Choosing a minor is completely up to you! Having a minor is not necessarily a benefit. You don't typically need to have a double major or a minor of any kind to get into a particular field. Choosing a minor is a good idea if you want to learn about something you are interested in without the time commitment of it being your major. The requirements for a minor are much less than a major, usually consisting of ten or fewer courses. You can pair a minor with a related major, especially if there is a specific field you are looking to get into. For instance, I pursued a psychology major with a sociology minor, as those are both in the human services fields. I also found myself choosing a lot of overlapping courses anyway, so I added it as a minor. Depending on the program, it can be hard to fill the required hours to graduate with only one major. You might end up filling your time with courses you don't necessarily need to graduate or want to take.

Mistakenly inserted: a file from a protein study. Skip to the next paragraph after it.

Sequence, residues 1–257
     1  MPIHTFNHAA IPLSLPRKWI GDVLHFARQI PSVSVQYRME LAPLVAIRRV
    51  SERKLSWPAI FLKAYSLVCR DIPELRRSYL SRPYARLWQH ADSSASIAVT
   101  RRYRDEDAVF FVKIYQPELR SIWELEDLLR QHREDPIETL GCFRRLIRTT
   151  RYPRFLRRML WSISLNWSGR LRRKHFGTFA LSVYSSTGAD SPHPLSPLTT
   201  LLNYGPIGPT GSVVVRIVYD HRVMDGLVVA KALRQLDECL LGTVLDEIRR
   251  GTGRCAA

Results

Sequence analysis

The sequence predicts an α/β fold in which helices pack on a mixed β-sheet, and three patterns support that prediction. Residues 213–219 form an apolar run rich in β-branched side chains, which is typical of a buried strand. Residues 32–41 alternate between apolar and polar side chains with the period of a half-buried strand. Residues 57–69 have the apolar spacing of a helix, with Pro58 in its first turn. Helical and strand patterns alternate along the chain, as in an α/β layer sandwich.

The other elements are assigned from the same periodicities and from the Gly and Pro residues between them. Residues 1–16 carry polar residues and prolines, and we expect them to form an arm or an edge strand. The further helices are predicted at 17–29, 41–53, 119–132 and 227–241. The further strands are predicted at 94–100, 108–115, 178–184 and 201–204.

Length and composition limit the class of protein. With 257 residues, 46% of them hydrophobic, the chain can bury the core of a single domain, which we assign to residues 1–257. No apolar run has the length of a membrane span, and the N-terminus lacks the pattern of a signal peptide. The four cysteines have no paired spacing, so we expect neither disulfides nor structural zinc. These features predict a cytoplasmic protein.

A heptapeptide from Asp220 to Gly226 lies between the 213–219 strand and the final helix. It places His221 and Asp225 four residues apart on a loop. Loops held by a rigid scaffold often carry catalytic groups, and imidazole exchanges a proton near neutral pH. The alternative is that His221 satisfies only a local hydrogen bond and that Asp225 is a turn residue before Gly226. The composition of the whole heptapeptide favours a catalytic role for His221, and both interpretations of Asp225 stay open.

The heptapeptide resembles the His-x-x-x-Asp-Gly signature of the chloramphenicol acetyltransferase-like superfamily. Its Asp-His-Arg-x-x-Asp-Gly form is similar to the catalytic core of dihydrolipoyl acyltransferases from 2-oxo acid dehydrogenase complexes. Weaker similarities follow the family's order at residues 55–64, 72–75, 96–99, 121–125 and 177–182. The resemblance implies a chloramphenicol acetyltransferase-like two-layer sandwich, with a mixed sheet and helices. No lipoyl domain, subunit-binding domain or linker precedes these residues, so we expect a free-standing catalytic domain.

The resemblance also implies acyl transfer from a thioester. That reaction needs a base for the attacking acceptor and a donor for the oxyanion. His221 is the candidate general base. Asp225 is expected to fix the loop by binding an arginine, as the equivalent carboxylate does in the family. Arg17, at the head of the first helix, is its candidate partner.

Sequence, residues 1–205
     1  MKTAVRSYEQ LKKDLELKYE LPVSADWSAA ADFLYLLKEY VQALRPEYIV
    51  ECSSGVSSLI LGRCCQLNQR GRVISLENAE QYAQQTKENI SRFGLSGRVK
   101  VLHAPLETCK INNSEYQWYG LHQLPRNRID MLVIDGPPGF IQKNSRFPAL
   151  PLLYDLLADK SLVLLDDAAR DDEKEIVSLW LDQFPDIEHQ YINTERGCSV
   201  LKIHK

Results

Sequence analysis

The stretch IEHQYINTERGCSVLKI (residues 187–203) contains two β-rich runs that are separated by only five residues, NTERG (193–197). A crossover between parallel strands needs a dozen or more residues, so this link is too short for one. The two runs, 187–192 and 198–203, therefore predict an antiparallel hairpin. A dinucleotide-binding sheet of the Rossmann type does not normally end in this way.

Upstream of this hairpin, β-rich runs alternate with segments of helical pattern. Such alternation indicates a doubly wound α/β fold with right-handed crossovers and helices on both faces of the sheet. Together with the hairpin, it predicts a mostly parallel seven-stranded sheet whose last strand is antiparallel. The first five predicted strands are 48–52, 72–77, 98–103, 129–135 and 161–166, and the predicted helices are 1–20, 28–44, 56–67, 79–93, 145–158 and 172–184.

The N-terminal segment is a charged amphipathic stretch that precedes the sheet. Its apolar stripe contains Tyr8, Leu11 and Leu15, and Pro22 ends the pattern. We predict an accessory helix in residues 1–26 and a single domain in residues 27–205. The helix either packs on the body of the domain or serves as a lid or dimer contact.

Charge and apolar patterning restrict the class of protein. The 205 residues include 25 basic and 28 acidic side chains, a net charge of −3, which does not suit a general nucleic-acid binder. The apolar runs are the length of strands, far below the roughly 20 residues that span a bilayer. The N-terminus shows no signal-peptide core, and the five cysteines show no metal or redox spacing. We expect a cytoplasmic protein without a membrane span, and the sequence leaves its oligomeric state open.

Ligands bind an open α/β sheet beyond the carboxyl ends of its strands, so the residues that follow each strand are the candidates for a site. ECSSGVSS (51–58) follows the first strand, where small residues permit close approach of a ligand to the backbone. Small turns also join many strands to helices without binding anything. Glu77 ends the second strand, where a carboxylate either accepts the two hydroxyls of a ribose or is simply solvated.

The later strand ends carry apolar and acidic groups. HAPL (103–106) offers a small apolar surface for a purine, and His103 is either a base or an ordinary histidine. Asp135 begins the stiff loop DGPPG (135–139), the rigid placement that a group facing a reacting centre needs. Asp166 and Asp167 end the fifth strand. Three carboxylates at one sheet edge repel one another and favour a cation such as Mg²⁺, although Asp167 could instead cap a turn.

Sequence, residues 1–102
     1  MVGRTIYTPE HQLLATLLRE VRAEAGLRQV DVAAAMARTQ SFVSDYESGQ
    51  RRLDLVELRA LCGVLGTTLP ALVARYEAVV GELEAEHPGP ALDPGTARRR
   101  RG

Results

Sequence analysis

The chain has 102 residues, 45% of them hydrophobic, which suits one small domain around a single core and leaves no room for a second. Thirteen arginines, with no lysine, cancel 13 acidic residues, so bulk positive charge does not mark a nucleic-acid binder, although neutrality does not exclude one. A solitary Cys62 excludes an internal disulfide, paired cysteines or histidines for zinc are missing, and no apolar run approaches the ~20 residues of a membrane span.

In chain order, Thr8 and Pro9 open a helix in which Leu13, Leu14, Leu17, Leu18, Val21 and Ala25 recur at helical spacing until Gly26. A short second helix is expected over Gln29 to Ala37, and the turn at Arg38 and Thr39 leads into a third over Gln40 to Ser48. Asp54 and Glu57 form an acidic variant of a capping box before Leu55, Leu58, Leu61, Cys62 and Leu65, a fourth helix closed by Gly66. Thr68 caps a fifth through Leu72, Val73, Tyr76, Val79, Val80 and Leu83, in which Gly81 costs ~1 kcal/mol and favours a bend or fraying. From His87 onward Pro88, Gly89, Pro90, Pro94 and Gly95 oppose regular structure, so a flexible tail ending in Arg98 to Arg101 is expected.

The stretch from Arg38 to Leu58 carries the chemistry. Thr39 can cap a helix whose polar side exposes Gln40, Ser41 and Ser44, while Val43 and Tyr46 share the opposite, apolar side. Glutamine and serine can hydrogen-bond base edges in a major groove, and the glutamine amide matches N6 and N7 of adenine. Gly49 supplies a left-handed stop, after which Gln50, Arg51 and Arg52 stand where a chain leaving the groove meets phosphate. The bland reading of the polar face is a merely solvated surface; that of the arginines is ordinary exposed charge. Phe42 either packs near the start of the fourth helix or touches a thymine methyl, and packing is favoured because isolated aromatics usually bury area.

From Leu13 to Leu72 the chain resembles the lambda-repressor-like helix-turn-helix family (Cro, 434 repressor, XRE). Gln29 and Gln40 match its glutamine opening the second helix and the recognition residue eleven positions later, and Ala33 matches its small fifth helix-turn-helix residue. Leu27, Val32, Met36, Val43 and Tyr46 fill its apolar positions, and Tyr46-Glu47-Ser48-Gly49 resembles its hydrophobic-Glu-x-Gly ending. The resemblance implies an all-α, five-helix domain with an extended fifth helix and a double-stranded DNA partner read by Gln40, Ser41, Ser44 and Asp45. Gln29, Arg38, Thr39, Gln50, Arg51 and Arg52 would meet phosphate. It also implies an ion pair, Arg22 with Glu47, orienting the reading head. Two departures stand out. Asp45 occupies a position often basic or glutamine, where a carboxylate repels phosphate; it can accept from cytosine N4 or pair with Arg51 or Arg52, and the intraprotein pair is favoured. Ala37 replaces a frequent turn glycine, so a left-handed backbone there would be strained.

Although I added a minor that was similar to my major, a minor doesn't necessarily have to be related to your major. For example, you may be interested in music, but you want to go into psychology for your career. You can major in psychology and minor in music, even though they are not typically related.
Kayla recommends the following next steps:
Good luck with your exploration!
Jennifer Bouquot, She/Her/Hers, SHRM-SCP
You can work with an advisor to maximize your schedule to best fit in the courses you need.